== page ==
Available from: 2013-07-19 Created: 2013-07-19 Last updated: 2017-12-06Bibliographically approved
2. On the pore forming mechanism of Upsalite, a micro- and mesoporous magnesium carbonate
Open this publication in new window or tab >>On the pore forming mechanism of Upsalite, a micro- and mesoporous magnesium carbonate
2014 (English)In: Microporous and Mesoporous Materials, ISSN 1387-1811, E-ISSN 1873-3093, Vol. 190, 99-104 p.Article in journal (Refereed) Published
Abstract [en]

This work analyzes the pore forming mechanism and stability of Upsalite; an extraordinary moisture absorbing, high-surface area magnesium carbonate powder synthesised without the use of surfactants as pore forming agents. The pores in Upsalite were found to be created in a two-step process where the first step includes the formation of micropores by solvent evaporation and release of physically bound carbon dioxide, acting as an in-situ pore-forming template. In the second step, the micropores expand to mesopores due to partial decomposition of organic groups on the surface of the pore walls when the material is stored in air at moderate temperatures (70 °C). The resulting material has a narrow pore size distribution centered at 5 nm, and the amorphous structure is stable upon storage in a humid atmosphere.

It was further shown that calcination at temperatures above 250 °C is required for complete removal of the organic surface groups in Upsalite. Prior to calcination, the organic groups present in the material act as barriers hindering water to induce crystallization of the bulk material. After calcination, however, Upsalite crystallizes into nesquehonite when stored at 100 % relative humidity for several days. The results presented herein are expected to be useful for the development of novel surfactant-free synthesis routes of porous materials as well as for the understanding of the long-term performance of such materials.

Keyword
pore forming mechanism, surfactant-free, in situ gas template, microporous, mesoporous, magnesium carbonate
National Category
Nano Technology
Research subject
Engineering Science with specialization in Nanotechnology and Functional Materials
Identifiers
urn:nbn:se:uu:diva-212802 (URN)10.1016/j.micromeso.2013.12.011 (DOI)000335102500014 ()
Available from: 2013-12-14 Created: 2013-12-14 Last updated: 2017-12-06Bibliographically approved
3. Nanostructure and pore size control of template-free synthesized mesoporous magnesium carbonate Upsalite
Open this publication in new window or tab >>Nanostructure and pore size control of template-free synthesized mesoporous magnesium carbonate Upsalite
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(English)Manuscript (preprint) (Other academic)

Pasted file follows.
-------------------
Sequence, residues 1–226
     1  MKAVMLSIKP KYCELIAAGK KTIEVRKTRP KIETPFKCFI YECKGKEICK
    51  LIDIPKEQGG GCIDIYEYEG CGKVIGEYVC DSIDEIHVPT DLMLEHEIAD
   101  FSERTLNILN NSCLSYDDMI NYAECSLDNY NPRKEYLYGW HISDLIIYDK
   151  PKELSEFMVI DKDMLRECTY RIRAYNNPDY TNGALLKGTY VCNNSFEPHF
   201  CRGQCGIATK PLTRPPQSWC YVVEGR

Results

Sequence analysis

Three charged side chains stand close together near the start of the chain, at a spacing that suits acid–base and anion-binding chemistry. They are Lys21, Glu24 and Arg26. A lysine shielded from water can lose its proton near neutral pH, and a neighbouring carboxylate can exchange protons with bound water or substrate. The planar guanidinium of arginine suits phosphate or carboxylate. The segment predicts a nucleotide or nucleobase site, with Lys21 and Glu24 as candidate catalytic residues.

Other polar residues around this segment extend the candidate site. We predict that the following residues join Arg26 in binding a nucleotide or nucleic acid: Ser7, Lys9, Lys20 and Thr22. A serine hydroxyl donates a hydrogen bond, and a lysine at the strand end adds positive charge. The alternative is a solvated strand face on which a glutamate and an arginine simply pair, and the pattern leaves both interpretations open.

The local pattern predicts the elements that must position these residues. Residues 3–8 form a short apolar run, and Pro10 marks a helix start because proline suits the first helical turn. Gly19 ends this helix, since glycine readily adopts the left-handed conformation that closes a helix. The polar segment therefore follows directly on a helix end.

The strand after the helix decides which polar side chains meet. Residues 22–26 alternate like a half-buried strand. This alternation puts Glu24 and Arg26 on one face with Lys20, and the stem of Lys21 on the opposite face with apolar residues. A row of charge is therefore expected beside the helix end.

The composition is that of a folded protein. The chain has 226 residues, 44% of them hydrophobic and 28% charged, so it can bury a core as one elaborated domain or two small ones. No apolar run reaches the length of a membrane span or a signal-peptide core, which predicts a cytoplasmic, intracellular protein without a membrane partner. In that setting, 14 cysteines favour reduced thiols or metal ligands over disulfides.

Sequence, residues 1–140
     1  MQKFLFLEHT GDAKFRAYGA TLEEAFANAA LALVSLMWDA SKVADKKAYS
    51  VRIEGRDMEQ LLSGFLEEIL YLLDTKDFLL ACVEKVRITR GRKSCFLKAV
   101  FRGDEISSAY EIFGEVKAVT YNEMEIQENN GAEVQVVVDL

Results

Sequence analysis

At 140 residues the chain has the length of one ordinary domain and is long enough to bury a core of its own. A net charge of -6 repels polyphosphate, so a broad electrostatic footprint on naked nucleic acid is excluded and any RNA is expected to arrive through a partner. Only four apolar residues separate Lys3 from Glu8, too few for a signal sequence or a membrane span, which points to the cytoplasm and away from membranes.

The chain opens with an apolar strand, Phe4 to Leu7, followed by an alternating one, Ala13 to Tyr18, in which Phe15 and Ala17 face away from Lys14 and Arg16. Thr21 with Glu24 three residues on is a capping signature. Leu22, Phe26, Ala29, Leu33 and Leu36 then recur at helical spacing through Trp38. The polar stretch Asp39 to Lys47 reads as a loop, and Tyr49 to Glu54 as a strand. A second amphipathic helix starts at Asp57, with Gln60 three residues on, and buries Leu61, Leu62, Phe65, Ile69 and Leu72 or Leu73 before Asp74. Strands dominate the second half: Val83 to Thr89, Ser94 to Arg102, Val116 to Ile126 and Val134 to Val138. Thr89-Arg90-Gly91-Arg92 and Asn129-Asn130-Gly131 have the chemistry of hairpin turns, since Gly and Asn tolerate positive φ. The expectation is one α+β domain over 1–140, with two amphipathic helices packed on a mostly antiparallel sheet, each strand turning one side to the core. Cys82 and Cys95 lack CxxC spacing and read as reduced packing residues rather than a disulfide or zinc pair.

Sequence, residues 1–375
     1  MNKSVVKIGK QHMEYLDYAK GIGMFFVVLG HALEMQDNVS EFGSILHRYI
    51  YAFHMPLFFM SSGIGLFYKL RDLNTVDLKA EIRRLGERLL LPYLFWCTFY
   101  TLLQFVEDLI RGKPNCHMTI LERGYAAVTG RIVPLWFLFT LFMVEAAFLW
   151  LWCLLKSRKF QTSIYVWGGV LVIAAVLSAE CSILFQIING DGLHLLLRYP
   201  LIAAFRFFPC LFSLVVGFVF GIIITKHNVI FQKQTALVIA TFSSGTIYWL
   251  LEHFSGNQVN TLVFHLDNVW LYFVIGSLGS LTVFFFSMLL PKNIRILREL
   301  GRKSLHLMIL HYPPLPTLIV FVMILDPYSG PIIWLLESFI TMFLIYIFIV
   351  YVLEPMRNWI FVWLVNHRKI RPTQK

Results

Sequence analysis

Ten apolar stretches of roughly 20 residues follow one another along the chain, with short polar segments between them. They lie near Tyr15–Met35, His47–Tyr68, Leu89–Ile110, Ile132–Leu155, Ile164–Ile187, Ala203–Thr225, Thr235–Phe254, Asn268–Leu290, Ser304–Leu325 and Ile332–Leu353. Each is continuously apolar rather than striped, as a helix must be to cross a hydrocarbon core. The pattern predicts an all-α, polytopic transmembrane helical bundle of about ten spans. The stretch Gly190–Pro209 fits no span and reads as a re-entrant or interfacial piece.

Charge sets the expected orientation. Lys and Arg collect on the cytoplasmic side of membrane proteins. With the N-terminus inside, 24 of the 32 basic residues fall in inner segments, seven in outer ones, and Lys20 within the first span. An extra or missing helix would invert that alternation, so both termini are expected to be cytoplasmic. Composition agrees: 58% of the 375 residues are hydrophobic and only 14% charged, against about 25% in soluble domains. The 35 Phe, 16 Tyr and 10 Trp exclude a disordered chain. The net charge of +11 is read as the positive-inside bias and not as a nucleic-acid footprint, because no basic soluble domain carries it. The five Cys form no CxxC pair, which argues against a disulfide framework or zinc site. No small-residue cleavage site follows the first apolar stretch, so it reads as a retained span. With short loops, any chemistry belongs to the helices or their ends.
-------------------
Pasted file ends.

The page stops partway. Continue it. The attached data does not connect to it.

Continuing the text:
National Category
Nano Technology
Identifiers
urn:nbn:se:uu:diva-281520 (URN)
Available from: 2016-03-24 Created: 2016-03-24 Last updated: 2016-04-29
4. Cytotoxicity, in Vivo Skin Irritation and Acute Systemic Toxicity of the Mesoporous Magnesium Carbonate Upsalite®
Open this publication in new window or tab >>Cytotoxicity, in Vivo Skin Irritation and Acute Systemic Toxicity of the Mesoporous Magnesium Carbonate Upsalite®
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2015 (English)In: Journal of Biomaterials and Nanobiotechnology, ISSN 2158-7027, E-ISSN 2158-7043Article in journal (Refereed) Published
National Category
Nano Technology
Identifiers
urn:nbn:se:uu:diva-264802 (URN)10.4236/jbnb.2015.64024 (DOI)
Available from: 2015-10-19 Created: 2015-10-19 Last updated: 2017-12-01
5. Study of mesoporous magnesium carbonate in contact with whole human blood
Open this publication in new window or tab >>Study of mesoporous magnesium carbonate in contact with whole human blood
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2016 (English)In: RSC Advances, ISSN 2046-2069, E-ISSN 2046-2069, Vol. 6, no 58, 52810-52816 p.Article in journal (Refereed) Published
Abstract [en]

The interaction of mesoporours magnesium carbonate (Upsalite) particles (50-100 mm) with human whole blood was investigated using an in vitro loop model and the effect on the complement system, blood coagulation and red blood cell lysis was assessed. The removal of Ca2+ by Upsalite and the possible exchange with and/or release of Mg2+ were explored as well. Upsalite was found to present anticoagulant properties, most probably due to the uptake of Ca2+ by the particles. No hemolytic activity was detected at Upsalite concentrations up to 1 mg ml(-1). Moderate to high levels of C3a and sC5b-9 were observed for Upsalite, however such levels were statistically different from the negative control only when the particle concentrations were 0.25 mg ml(-1) and 1.0 mg ml(-1), respectively. The presented findings are promising for the future development of mesoporous magnesium carbonate-based materials for biomedical applications.

National Category
Nano Technology
Identifiers
urn:nbn:se:uu:diva-281465 (URN)10.1039/c6ra05679b (DOI)000378563200037 ()2-s2.0-84973390611 (Scopus ID)
Funder
Swedish Research Council
Available from: 2016-03-24 Created: 2016-03-24 Last updated: 2017-11-30Bibliographically approved